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Murray Gell-Mann was an American physicist who received the 1969 Nobel Prize in Physics for his work on the theory of elementary particles. He was the Robert Andrews Millikan Professor of Theoretical Physics Emeritus at the California Institute of Technology, a distinguished fellow and one of the co-founders of the Santa Fe Institute, a professor of physics at the University of New Mexico, and the Presidential Professor of Physics and Medicine at the University of Southern California.

Gell-Mann spent several periods at CERN, a nuclear research facility in Switzerland, among others as a John Simon Guggenheim Memorial Foundation fellow in 1972.

In 1964, Gell-Mann and, independently, George Zweig went on to postulate the existence of quarks, particles of which the hadrons of this scheme are composed. The name was coined by Gell-Mann and is a reference to the novel Finnegans Wake, by James Joyce ("Three quarks for Muster Mark!" book 2, episode 4). Zweig had referred to the particles as "aces", but Gell-Mann's name caught on. Quarks, antiquarks, and gluons were soon established as the underlying elementary objects in the study of the structure of hadrons. He was awarded a Nobel Prize in Physics in 1969 for his contributions and discoveries concerning the classification of elementary particles and their interactions.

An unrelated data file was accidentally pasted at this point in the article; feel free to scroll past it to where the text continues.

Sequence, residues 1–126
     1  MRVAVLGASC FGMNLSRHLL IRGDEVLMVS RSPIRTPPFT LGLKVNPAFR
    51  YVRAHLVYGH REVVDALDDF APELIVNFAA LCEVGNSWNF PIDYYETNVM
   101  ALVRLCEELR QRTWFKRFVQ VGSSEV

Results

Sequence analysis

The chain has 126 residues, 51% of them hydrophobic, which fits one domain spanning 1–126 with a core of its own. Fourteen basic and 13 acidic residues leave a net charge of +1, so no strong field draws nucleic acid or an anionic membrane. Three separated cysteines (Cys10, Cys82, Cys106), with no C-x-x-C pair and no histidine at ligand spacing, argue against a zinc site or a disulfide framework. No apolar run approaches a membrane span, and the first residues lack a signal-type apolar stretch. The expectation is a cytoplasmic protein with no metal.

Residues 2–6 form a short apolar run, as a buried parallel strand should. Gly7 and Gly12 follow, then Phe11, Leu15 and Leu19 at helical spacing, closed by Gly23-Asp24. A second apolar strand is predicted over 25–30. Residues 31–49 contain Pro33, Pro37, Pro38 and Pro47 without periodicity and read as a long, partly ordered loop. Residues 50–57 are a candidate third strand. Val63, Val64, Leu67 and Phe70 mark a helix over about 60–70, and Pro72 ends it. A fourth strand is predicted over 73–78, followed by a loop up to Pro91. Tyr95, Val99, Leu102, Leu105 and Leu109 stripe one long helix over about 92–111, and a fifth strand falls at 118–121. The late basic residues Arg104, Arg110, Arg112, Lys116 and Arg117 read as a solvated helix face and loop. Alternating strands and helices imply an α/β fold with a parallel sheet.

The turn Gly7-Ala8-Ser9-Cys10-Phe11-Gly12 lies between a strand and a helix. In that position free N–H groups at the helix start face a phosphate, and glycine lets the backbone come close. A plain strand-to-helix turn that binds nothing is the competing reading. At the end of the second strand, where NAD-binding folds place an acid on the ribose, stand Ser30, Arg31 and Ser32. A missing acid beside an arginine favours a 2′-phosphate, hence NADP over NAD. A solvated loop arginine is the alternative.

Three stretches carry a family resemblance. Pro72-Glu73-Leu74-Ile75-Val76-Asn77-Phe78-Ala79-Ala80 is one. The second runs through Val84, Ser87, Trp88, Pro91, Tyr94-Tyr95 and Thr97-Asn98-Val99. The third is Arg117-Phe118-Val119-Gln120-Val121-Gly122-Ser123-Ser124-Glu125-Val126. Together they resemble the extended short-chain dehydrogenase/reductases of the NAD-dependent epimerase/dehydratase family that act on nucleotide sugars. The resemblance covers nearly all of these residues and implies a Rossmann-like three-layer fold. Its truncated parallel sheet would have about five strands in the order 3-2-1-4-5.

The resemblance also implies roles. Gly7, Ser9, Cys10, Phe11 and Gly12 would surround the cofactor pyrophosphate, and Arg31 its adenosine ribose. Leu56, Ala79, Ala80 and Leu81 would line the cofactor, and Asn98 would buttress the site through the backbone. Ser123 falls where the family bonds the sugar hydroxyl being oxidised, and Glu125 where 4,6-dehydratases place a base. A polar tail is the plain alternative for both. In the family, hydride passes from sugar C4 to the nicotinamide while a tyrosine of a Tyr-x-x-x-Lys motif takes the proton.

In the 1960s, he introduced current algebra as a method of systematically exploiting symmetries to extract predictions from quark models, in the absence of reliable dynamical theory. This method led to model-independent sum rules confirmed by experiment and provided starting points underpinning the development of the Standard Model (SM), the widely accepted theory of elementary particles....
 
 
Murray Gell-Mann was an American physicist who received the 1969 Nobel Prize in Physics for his work on the theory of elementary particles. He was the Robert Andrews Millikan Professor of Theoretical Physics Emeritus at the California Institute of Technology, a distinguished fellow and one of the co-founders of the Santa Fe Institute, a professor of physics at the University of New Mexico, and the Presidential Professor of Physics and Medicine at the University of Southern California.

Gell-Mann spent several periods at CERN, a nuclear research facility in Switzerland, among others as a John Simon Guggenheim Memorial Foundation fellow in 1972.

In 1964, Gell-Mann and, independently, George Zweig went on to postulate the existence of quarks, particles of which the hadrons of this scheme are composed. The name was coined by Gell-Mann and is a reference to the novel Finnegans Wake, by James Joyce ("Three quarks for Muster Mark!" book 2, episode 4). Zweig had referred to the particles as "aces", but Gell-Mann's name caught on. Quarks, antiquarks, and gluons were soon established as the underlying elementary objects in the study of the structure of hadrons. He was awarded a Nobel Prize in Physics in 1969 for his contributions and discoveries concerning the classification of elementary particles and their interactions.

In the 1960s, he introduced current algebra as a method of systematically exploiting symmetries to extract predictions from quark models, in the absence of reliable dynamical theory. This method led to model-independent sum rules confirmed by experiment and provided starting points underpinning the development of the Standard Model (SM), the widely accepted theory of elementary particles....

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